Woman sues ex-employer for racial discrimination after viral Central Park incident
May 27 2021
Amy Cooper, who went viral and became known as "Central Park Karen" past year after she called NY police and falsely reported a Black birdwatcher was threatening her life, is suing her former employer, arguing they fired her without properly investigating the incident.
Franklin Templeton fired Cooper the next day.
She then did call, saying she was being threatened.
Prosecutors in Manhattan criminally charged Cooper last summer with falsely reporting an incident in the third degree, but later agreed to dismiss the charge after she completed a five-session therapeutic educational program that included a racial bias component.
In a federal lawsuit filed Tuesday, Cooper claims that Franklin Templeton, where she worked as an insurance portfolio manager, unfairly labeled her a racist and what would then be characterized as Central Park "Karen", a privileged white female attacking someone due to their skin color.
Amy Cooper, who was promptly dubbed the "Central Park Karen" by social media users, argues in the lawsuit that Christian Cooper (hereafter referred to as "Christian" since they have the same last name) was an "overzealous birdwatcher" who was looking to scare dog owners.
Amy Cooper called 911 and said in an increasingly frantic tone that a Black man was threatening her, according to video of the incident he filmed. Following Cooper's termination, Franklin Templeton CEO Jenny Johnson told Fortune Magazine that the company executives "espouse zero tolerance for racism".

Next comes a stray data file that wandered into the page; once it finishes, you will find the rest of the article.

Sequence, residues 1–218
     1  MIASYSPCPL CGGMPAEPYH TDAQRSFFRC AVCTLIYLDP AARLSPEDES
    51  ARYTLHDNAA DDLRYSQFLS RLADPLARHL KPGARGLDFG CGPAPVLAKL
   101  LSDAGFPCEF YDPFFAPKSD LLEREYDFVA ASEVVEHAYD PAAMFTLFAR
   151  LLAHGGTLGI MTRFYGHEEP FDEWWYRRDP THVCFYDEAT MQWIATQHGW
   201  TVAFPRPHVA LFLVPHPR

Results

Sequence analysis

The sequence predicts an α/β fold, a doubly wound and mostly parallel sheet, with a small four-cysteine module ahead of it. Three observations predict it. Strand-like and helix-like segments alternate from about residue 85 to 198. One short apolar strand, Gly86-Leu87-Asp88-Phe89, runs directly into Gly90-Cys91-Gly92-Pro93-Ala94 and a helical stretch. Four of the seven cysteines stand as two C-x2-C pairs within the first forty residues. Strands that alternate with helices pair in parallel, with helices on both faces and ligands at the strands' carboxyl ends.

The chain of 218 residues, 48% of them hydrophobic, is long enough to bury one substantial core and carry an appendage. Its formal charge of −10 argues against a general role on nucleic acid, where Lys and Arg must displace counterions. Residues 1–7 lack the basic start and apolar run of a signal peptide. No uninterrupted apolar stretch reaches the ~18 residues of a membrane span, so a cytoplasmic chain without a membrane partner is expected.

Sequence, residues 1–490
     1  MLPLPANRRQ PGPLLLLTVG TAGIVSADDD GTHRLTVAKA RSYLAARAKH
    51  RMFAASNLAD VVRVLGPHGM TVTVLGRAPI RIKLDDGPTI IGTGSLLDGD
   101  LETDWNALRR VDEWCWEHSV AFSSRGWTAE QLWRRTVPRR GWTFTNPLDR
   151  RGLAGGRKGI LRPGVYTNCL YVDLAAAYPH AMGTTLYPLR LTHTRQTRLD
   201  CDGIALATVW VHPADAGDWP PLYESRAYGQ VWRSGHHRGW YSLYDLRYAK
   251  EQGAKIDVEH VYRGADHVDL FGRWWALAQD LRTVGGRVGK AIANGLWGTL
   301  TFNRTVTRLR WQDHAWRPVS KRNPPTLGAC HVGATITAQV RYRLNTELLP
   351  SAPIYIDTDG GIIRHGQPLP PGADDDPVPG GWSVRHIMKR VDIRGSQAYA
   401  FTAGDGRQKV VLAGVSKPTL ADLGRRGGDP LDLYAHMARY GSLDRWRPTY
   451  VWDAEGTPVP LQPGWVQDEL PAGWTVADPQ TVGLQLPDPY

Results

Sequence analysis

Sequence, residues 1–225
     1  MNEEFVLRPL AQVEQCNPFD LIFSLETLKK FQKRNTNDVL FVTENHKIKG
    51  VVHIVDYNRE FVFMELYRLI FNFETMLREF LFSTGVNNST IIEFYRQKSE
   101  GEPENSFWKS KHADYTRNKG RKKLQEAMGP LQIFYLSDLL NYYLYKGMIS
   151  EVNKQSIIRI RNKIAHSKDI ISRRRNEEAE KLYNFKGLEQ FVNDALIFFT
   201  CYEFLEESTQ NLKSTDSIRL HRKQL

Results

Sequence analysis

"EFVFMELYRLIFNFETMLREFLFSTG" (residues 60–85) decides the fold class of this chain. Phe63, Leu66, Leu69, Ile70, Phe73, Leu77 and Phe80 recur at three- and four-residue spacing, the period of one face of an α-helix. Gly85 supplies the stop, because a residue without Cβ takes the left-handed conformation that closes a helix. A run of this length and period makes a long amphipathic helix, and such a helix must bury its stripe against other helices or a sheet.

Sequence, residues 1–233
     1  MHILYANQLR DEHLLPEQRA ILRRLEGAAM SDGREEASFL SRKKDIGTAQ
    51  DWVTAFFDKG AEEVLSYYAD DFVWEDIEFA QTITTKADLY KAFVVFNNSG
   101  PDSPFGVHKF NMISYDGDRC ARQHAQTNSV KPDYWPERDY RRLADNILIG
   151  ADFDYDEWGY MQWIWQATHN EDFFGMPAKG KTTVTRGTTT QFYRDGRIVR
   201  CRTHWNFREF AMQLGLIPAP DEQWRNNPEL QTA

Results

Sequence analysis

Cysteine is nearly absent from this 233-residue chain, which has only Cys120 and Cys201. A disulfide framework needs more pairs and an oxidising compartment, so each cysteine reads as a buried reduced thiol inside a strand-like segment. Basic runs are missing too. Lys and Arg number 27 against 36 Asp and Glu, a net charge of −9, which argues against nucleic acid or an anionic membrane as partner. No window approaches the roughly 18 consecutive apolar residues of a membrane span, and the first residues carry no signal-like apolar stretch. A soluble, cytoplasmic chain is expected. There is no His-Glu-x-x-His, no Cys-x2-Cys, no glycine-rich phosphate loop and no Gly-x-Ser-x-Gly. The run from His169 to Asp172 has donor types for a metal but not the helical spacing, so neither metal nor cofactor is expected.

The video at the center of the controversy picked up midway through Cooper's encounter with Christian Cooper and showed her calling the police to report an "African American man" who was "threatening" her in the park.
"We believe the circumstances of the situation speak for themselves and that the Company responded appropriately", the statement said. "We will defend against these baseless claims". He added: "I'm not sure that her one minute of poor decision-making, bad judgment and, without question, racist response necessarily has to define her completely".
The incident, which occurred on the same day a Minneapolis police officer murdered George Floyd, an unarmed Black man, struck a chord with many Americans, who viewed Ms Cooper's actions as part of a long history of racist paranoia from white people about Black men putting them in danger with the police. "Franklin Templeton would have conducted a proper investigation before firing her if she was of a different race or a different gender". "We do not tolerate racism of any kind at Franklin Templeton".
The lawsuit alleges that Franklin Templeton "did not seek to interview Jerome Lockett or anyone else familiar with Mr. Cooper's past in Central Park to obtain their perspective".
It also claims the company's actions caused Amy Cooper to suffer "severe emotional distress" and that she was suicidal.
Once criticised all over the world for being a racist, Cooper is now accusing her employer of being a racist and is seeking damages for defamation, intentional infliction of emotional distress and negligence, as per Reuters.
"Considering that Amy Cooper has already lost her job and her reputation, it's hard to see what is to be gained by a criminal charge, aside from the upholding of principle", he wrote.